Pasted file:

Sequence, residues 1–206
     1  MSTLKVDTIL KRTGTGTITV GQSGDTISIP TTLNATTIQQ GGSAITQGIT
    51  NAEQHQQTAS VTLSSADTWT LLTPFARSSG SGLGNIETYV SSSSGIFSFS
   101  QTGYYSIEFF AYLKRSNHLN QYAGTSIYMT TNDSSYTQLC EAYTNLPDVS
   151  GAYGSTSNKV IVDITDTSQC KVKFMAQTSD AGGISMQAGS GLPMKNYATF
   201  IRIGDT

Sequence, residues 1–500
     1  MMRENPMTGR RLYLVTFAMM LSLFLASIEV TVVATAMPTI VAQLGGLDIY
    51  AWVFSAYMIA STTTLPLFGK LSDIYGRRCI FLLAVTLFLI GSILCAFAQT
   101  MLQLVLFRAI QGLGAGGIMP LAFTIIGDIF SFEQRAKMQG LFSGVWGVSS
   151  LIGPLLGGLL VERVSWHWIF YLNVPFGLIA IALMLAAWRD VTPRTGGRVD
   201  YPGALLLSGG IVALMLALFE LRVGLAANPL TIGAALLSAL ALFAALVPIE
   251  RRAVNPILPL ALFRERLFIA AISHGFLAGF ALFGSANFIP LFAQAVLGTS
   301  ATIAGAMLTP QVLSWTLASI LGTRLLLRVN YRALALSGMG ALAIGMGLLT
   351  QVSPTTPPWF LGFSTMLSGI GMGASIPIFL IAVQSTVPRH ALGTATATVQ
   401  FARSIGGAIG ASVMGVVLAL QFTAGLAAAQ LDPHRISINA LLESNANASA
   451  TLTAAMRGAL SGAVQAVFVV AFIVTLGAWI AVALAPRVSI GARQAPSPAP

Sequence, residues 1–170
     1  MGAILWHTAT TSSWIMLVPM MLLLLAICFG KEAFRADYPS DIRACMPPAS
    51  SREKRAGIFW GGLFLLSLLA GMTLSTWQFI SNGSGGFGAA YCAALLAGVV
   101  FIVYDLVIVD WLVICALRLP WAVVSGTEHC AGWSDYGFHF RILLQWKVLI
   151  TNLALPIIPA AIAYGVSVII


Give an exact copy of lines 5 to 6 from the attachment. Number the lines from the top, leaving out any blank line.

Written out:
   151  GAYGSTSNKV IVDITDTSQC KVKFMAQTSD AGGISMQAGS GLPMKNYATF
   201  IRIGDT